Use a calorie-needs calculator like LIVESTRONG.COM’s MyPlate app to figure out your daily calorie needs, then subtract calories to create your energy deficit. With an app like MyPlate, you can factor in your weight-loss goal, and it will tell you the exact number of calories (as well has how much fat, protein and carbohydrates) you need to reach that goal.
So she started researching. She found something called the 21-Day Meal Plan, which seemed like it would work with their lives. The plan showed them what foods they could eat and what they should skip. They started by cutting sugar, junk and processed foods and added vegetables, fruit, legumes, whole grains and lean meats, such as chicken and turkey. In the first week, Parent noticed a difference.
Like protein, fiber slows the rate at which your body plows through carb calories so you feel full for longer and maintain steadier blood sugar levels, one reason why research consistently links fiber intake to weight loss. That means fibrous whole grain bread tends to be a better choice than white bread and also explains why fruits, which contain fiber and valuable vitamins in addition to sugar, beat straight-up candy every time.
Tapsell, L. C., Dunning, A., Warensjo, E., Lyons-Wall, P., & Dehlsen, K. (2014). Effects of vegetable consumption on weight loss: A review of the evidence with implications for design of randomized controlled trials [Abstract]. Critical Reviews in Food Science and Nutrition, 54(12), 1529–1538. Retrieved from https://www.ncbi.nlm.nih.gov/pubmed/24580555
With this eating style, you’re looking at a lot of menu planning and preparation. A review published in August 2017 in Nutrients suggests the diet could lead to weight loss, but the Academy of Nutrition and Dietetics warns the plan could also cause certain nutrient deficiencies, such as in calcium and vitamin D. (3,4) And, therefore, according to an article published in the January–February 2016 issue of the Royal Australian College of General Practitioners, anyone at risk for osteoporosis should avoid it. (5)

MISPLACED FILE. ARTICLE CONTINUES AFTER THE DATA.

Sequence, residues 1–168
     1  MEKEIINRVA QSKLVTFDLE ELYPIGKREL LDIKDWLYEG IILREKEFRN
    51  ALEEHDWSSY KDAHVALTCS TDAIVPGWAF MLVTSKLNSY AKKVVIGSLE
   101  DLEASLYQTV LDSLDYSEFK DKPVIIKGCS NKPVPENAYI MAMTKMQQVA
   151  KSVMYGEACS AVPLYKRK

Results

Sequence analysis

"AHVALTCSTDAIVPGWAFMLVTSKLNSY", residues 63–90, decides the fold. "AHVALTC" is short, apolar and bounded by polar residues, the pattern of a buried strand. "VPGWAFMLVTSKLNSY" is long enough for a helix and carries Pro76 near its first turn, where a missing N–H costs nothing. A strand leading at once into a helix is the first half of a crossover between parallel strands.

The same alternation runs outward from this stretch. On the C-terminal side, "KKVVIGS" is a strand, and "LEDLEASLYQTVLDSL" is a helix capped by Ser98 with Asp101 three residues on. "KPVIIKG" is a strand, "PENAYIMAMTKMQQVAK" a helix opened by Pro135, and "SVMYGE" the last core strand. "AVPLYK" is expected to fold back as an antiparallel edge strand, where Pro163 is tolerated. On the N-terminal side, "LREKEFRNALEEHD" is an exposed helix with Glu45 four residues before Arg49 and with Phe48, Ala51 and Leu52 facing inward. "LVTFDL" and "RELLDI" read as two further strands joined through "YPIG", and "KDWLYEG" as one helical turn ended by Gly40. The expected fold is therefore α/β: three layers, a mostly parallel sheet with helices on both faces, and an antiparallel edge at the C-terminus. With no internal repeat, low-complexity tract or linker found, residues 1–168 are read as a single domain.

A diet plan is one step towards achieving a healthy lifestyle. Fitness and health guidelines give information on how exercise and living an active lifestyle could complement the benefits of eating healthy. Be sure to check important guides such as eating out, lifestyle tips, portion control guides, clinical research and exercise tips to achieve the maximum benefits of enrolling in a diet program.
“Exercise should not be used to purge calories,” Albers says. “Instead, to boost your mood to keep you motivated.” The thing is, exercise is great for you and can make you feel awesome. And feeling good about yourself seems to be actually useful in weight-loss efforts. Plus, some research has shown that changes in exercise behavior can lead to changes in eating behavior. “In part, it is neurochemical. Movement and exercise you enjoy boosts your serotonin and dopamine levels, which makes you feel good all the way around,” Albers says.

We see very few downsides to Weight Watchers. Even though it's fee-based, the fees are pretty reasonable. Everyone pays a $20 registration fee (although that's often waived as an incentive to sign up, especially December through March). Then, membership fees are as low as $20 a month for online only. You can even pay-as-you-go if you want to attend meetings just occasionally; it costs about $15 per meeting. There are also pricier plans available that provide you with individual coaching sessions. Regardless of the plan you choose, experts say you get a lot for your money, especially in online tools and support. However, if you're on a tight budget, these fees may still be a bit too steep. The only other complaint we noted is that some people say they feel hungry all the time or often in spite of the plethora of food choices, but we see that with virtually all diets as calorie restriction tends to have that result.
The final possible culprit behind stubborn weight issues may be the stress hormone, cortisol. Too much cortisol will increase hunger levels, bringing along subsequent weight gain. The most common cause of elevated cortisol is chronic stress and lack of sleep (see tip #10), or cortisone medication (tip #9). It’s a good idea to try your best to do something about this.